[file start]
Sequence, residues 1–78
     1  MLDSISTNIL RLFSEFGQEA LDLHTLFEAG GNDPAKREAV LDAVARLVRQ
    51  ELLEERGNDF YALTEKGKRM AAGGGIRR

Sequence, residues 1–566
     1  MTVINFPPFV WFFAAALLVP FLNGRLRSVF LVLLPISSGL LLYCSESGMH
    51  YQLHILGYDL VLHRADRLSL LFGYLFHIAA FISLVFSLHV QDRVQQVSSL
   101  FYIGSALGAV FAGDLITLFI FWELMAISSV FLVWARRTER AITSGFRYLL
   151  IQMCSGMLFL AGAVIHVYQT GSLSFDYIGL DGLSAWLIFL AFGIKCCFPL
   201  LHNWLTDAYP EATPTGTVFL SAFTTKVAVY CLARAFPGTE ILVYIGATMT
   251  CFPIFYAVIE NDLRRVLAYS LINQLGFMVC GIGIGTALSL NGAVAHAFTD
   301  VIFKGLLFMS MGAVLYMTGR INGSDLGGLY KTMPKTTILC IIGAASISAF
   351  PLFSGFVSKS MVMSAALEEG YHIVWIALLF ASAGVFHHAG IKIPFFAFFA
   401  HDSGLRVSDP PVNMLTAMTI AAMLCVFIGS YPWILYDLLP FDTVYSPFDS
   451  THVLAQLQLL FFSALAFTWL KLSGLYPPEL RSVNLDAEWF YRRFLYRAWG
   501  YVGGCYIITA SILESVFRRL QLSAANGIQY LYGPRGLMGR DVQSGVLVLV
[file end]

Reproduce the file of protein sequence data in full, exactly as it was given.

Sequence, residues 1–78
     1  MLDSISTNIL RLFSEFGQEA LDLHTLFEAG GNDPAKREAV LDAVARLVRQ
    51  ELLEERGNDF YALTEKGKRM AAGGGIRR

Sequence, residues 1–566
     1  MTVINFPPFV WFFAAALLVP FLNGRLRSVF LVLLPISSGL LLYCSESGMH
    51  YQLHILGYDL VLHRADRLSL LFGYLFHIAA FISLVFSLHV QDRVQQVSSL
   101  FYIGSALGAV FAGDLITLFI FWELMAISSV FLVWARRTER AITSGFRYLL
   151  IQMCSGMLFL AGAVIHVYQT GSLSFDYIGL DGLSAWLIFL AFGIKCCFPL
   201  LHNWLTDAYP EATPTGTVFL SAFTTKVAVY CLARAFPGTE ILVYIGATMT
   251  CFPIFYAVIE NDLRRVLAYS LINQLGFMVC GIGIGTALSL NGAVAHAFTD
   301  VIFKGLLFMS MGAVLYMTGR INGSDLGGLY KTMPKTTILC IIGAASISAF
   351  PLFSGFVSKS MVMSAALEEG YHIVWIALLF ASAGVFHHAG IKIPFFAFFA
   401  HDSGLRVSDP PVNMLTAMTI AAMLCVFIGS YPWILYDLLP FDTVYSPFDS
   451  THVLAQLQLL FFSALAFTWL KLSGLYPPEL RSVNLDAEWF YRRFLYRAWG
   501  YVGGCYIITA SILESVFRRL QLSAANGIQY LYGPRGLMGR DVQSGVLVLV